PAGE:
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Buying a manufacturer; tips from a serial buyer

Manufacturing production line conveyor belt

"A generous gross margin, low inventory, low overhead expenses - rent, supervison, etc - and a diverse and loyal customer base" - what to look out for in a manufacturer for sale, according to a manufacturing entrepreneur. spoke to the owner of a manufacturing company serving upholstery, home decorating and hospitality industries about the state of the sector in the US and globally, and its prospects for the future.

Paul Terlizzi, who bought American Down & Feather Inc in December last year, believes it's a judicious time to make acquisitions in the sector. "It's a pretty good time to get into manufacturing again," he says. "We import some supplies and finished products from China, and honestly, right now our cost to manufacture most things is less than the cost to import them."

Unique product

Asked what makes a good acquisition, Terlizzi replies: "The product is unique - ie, not a commodity - the turnaround time is quick - saving the customer inventory costs - and the customer is nearby, thus saving them transportation costs."

A serial business buyer, Terlizzi made six acquisitions when running his family business, including a chain of retailers, two manufacturers, three distributors and an educational company. He also created three joint ventures over a decade.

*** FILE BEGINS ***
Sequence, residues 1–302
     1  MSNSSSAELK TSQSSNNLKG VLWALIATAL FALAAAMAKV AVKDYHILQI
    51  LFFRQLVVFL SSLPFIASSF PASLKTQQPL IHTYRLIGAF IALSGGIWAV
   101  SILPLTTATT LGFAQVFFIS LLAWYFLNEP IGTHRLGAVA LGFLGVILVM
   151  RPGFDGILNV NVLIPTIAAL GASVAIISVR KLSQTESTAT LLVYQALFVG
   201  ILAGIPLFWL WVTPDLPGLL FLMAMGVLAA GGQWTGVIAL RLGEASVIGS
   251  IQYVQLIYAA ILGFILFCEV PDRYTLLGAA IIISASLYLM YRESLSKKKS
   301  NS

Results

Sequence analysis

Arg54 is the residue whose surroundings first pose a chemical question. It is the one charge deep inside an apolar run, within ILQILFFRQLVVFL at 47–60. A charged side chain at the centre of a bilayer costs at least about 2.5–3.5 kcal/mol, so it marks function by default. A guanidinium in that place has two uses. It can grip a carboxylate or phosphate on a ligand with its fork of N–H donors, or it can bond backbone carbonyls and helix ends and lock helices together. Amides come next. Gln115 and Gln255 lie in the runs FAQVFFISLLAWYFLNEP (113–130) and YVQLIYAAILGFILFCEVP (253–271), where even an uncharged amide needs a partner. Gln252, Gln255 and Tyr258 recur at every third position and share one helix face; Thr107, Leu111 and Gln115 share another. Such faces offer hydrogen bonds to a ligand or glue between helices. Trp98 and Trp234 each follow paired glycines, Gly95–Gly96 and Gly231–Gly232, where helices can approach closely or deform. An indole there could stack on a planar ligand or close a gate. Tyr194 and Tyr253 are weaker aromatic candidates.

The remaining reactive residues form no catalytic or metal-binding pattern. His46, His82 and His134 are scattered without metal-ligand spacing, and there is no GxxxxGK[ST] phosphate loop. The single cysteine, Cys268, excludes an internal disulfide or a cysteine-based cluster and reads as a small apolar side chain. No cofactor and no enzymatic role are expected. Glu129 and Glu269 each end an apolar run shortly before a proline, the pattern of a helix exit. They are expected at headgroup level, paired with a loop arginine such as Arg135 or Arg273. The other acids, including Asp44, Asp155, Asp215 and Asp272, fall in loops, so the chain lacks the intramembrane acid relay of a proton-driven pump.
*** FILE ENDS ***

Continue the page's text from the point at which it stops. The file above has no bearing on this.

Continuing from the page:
What has he learned from his wealth of experiences buying businesses? "Not to become emotional about the business or get caught up in the energy of a deal.  I've trained myself to know when to walk away if the sellers or advisors begin to increase or change their expectations."

Mistakes were inevitable having concluded so many deals. "I thought one of the manufacturing businesses did not really have an adequate product platform to build upon; it simply chased fad after fad.  

"I got caught up in the latest fad and paid too high a price for a business that didn't survive even five years after I bought it," he confesses.

Paul is therefore well placed to advise the following to prospective buyers: "Get help evaluating the business financially and operationally from well experienced public accountants and business lawyers. In the US we have SCORE, a non-profit arm of the SBA.

"The service core of retired executives is a group of business people from all sorts of businesses that will help you evaluate any type of business and the service is free."

He offers this final advice to buyers whose ambitions outstrip their experience and expertise: "Don't attempt to turn a business around unless you've done it before and are supremely confident about your ability to do it.

"Otherwise pay a little more than you think is right for the positive cash flow and really enjoy the business you buy."

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